The Irish Government shouldn’t be the only ones reeling from last Friday’s decision by the electorate to reject a constitutional amendment to abolish the Seanad or Upper House of government. It was another bad day for the market research industry as well. Consider this. Just three days before the election an Irish Times/IpsosMRBI opinion poll predicted the following result. Those in favour – 62 per cent and those against – 38 per cent when the undecided were excluded. How did the market researchers get it so wrong?
Let’s first examine a couple of ‘mitigating’ factors. After the poll, government ‘sources’ described themselves as ‘confident, but not complacent’ because 21 per cent of those surveyed responded that they were undecided while a further 8 per cent said they would not vote. There was some worry about which way the ‘undecideds’ would go but with a solid 17 point lead among the majority that had already made up their minds, the ‘Yes’ camp had reasons to be confident. And second, there was the issue of what might happen in the intervening three days up to the vote that might swing opinions, though, in hindsight, little of significance occurred during this period.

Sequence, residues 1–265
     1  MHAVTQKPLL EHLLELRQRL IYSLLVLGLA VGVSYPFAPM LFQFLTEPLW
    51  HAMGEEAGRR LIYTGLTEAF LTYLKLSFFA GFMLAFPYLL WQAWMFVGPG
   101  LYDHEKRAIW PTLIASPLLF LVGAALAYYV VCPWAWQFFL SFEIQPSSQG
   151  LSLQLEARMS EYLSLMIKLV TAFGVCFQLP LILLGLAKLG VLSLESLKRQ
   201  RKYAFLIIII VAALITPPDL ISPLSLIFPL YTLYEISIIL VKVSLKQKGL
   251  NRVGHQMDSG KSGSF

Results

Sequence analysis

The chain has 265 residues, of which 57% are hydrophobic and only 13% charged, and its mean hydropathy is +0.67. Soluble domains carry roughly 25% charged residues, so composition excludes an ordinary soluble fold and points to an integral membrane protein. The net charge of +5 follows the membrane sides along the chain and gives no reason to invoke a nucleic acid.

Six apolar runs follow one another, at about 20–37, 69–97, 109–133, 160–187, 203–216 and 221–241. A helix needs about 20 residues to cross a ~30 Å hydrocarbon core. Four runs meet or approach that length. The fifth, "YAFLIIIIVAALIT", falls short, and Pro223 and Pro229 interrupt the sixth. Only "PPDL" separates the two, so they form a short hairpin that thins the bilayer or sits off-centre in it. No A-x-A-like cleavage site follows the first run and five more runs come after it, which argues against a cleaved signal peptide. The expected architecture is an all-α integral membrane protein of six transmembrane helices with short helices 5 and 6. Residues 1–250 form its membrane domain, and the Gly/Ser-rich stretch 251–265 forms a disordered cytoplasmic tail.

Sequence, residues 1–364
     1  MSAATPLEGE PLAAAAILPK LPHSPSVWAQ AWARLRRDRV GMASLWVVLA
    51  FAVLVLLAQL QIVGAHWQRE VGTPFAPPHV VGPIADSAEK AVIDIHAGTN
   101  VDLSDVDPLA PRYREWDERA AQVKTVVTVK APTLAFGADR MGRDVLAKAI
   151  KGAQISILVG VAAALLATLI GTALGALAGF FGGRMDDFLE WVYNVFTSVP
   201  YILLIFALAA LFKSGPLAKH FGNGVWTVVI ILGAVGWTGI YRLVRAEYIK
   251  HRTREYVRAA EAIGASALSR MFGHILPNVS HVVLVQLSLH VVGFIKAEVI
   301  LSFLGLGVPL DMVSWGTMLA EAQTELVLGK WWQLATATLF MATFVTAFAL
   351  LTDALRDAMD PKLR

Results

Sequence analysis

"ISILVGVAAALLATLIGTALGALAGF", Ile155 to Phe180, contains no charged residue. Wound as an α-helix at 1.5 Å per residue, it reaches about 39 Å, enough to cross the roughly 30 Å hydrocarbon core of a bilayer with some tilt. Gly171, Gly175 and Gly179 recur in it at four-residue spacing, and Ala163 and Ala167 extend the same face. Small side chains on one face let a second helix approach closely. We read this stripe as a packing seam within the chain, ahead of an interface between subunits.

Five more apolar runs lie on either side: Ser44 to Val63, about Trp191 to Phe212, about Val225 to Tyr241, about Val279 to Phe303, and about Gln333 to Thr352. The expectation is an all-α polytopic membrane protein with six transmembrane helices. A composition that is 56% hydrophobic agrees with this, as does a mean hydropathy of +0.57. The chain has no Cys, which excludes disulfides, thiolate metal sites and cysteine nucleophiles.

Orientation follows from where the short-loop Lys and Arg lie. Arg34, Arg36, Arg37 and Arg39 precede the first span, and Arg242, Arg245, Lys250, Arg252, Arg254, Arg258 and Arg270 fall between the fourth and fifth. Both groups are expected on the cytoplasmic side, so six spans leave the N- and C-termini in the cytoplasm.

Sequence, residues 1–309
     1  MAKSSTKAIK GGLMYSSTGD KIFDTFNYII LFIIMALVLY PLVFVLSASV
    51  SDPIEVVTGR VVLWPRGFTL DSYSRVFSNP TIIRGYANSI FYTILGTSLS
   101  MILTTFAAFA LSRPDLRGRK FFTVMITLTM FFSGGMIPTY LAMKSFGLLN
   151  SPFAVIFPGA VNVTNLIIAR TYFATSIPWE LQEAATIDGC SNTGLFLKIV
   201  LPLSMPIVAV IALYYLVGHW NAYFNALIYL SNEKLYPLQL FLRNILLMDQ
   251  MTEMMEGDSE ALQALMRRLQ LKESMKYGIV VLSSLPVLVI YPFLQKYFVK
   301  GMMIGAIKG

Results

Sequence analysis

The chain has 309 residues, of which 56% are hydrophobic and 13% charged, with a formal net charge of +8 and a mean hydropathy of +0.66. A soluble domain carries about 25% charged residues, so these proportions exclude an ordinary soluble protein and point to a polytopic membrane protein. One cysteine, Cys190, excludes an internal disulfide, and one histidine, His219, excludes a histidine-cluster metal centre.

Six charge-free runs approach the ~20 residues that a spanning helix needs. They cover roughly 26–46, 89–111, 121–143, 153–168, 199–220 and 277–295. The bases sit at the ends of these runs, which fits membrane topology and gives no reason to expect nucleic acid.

More to the point though is that this election demonstrated again, what is a common issue throughout the world namely, that opinion polls are not a reliable guide to how voters are going to behave. Earlier this year in the British Columbia elections in Canada, the NDP were given an eight to nine point lead the day before the election by two respected opinion polling organisations only to lose the election to the Liberals by five percentage points. Even early exit polls conducted on the day of the election did not show the extent of the swing. And of course, one of Margaret Thatcher’s election wins in the UK, came famously after polls predicted a win for Labour.
The commercial arena is similarly littered with famous examples of market research ‘mistakes’, the launches of New Coke, Red Bull and the Millennium Dome in London to name just three. While experts can argue forever about data collection instruments and sample sizes, one thing is certain – what people say they are going to do is not a good guide to what they actually will do. It is not that humans are dishonest though this can be the case. Instead there is a much bigger issue. People are constantly being asked to rationally explain what they have done in the past or will do in the future when in fact most of the decisions we make are emotionally driven and happen at a sub-conscious level. So it is little wonder that the market researchers so frequently get it wrong.